It’s worth noting that if you’re a first-time buyer, buying with someone who’s owned before, you can still open a Help to Buy ISA (however they can’t) and if you’re a first-time buyer, buying with another first-time buyer, you can both open a Help to Buy ISA. So, together, you can save £400 a month and double the bonus.

Help to Buy equity loan

This scheme is available on new build homes in England and Wales.

“With a Help to Buy Equity Loan, the Government lends you up to 20% of the cost of your newly built home, so you’ll only need a 5% cash deposit and a 75% mortgage to make up the rest.

You won’t be charged loan fees on the 20% loan for the first five years of owning your home.”

Find out more about Help to Buy equity loans and how to pay them off at Money Saving Expert.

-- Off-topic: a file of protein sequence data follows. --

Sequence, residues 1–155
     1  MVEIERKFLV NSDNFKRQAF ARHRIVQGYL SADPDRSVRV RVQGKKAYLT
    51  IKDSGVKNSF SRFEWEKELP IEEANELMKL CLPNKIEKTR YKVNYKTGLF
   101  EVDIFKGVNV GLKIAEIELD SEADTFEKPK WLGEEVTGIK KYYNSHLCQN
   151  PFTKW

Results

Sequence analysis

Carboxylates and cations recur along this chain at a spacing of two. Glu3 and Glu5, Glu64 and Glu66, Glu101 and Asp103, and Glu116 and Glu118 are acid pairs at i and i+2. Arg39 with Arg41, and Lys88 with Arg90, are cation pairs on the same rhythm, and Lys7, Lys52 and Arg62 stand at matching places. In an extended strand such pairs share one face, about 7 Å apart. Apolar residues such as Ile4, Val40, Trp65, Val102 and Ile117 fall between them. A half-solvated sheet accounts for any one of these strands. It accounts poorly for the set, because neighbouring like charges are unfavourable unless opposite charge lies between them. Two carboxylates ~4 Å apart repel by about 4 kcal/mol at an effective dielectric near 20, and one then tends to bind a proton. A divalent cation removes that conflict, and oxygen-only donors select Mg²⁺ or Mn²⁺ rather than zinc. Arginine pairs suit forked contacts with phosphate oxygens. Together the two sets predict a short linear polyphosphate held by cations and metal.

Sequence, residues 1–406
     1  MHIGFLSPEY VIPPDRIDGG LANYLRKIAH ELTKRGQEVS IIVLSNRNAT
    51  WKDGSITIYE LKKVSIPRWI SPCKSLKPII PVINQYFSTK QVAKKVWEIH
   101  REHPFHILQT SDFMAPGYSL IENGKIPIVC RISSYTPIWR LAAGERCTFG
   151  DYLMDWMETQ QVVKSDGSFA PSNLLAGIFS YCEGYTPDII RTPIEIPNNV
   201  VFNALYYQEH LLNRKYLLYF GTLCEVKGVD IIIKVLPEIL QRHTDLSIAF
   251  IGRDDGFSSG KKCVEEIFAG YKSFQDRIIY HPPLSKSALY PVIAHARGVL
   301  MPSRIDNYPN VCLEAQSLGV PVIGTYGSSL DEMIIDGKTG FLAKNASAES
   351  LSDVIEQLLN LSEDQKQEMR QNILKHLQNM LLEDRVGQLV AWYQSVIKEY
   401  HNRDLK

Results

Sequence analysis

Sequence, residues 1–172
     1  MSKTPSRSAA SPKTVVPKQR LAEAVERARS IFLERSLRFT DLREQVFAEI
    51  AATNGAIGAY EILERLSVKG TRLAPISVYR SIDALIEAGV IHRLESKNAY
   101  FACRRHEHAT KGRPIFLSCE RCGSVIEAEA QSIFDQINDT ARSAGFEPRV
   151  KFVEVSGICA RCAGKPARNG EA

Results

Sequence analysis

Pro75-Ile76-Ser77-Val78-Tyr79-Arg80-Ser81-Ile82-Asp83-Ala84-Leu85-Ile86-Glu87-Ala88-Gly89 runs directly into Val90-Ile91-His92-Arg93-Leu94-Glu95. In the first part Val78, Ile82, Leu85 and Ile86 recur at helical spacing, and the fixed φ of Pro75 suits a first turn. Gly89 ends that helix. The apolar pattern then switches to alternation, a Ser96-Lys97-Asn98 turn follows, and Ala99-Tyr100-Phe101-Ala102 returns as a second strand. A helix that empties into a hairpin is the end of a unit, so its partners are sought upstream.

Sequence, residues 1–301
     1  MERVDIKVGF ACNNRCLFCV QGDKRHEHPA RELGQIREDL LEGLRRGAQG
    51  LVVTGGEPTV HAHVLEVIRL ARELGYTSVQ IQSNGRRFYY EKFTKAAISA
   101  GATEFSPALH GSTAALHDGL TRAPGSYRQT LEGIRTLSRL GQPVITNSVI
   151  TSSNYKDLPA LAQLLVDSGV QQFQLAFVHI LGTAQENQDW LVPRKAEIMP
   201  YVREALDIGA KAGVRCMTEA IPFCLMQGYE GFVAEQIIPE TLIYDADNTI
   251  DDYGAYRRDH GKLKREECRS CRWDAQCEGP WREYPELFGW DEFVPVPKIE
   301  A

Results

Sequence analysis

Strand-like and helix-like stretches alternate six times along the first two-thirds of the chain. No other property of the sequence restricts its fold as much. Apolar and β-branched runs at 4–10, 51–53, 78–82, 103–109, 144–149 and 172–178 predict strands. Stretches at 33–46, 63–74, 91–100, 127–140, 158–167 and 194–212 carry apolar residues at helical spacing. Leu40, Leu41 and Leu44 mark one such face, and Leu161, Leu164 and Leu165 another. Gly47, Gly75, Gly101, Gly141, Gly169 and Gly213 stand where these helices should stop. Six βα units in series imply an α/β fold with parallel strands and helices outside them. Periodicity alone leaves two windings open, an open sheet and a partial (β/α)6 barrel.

Help to Buy shared ownership

This scheme is available for newly built homes and existing homes available through housing association resale programmes*.

“If you can’t quite afford the mortgage on 100% of a home, Help to Buy: Shared Ownership offers you the chance to buy a share of your home (between 25% and 75% of the home’s value) and pay rent on the remaining share. Later on, you could buy bigger shares when you can afford to.”

You can find contact details of your local Help to Buy agent here.

*Note that shared ownership properties are always leasehold.

 

A leg up on the property ladder

6. Ask for a ‘leg up’ the property ladder

Could you ask your parents for a loan to help you reach your deposit? Bank of mum and dad is not available to everyone, but if you can show how you will be able to afford to repay them with interest (and they have cash at their disposal), your parents may be willing to invest in your property.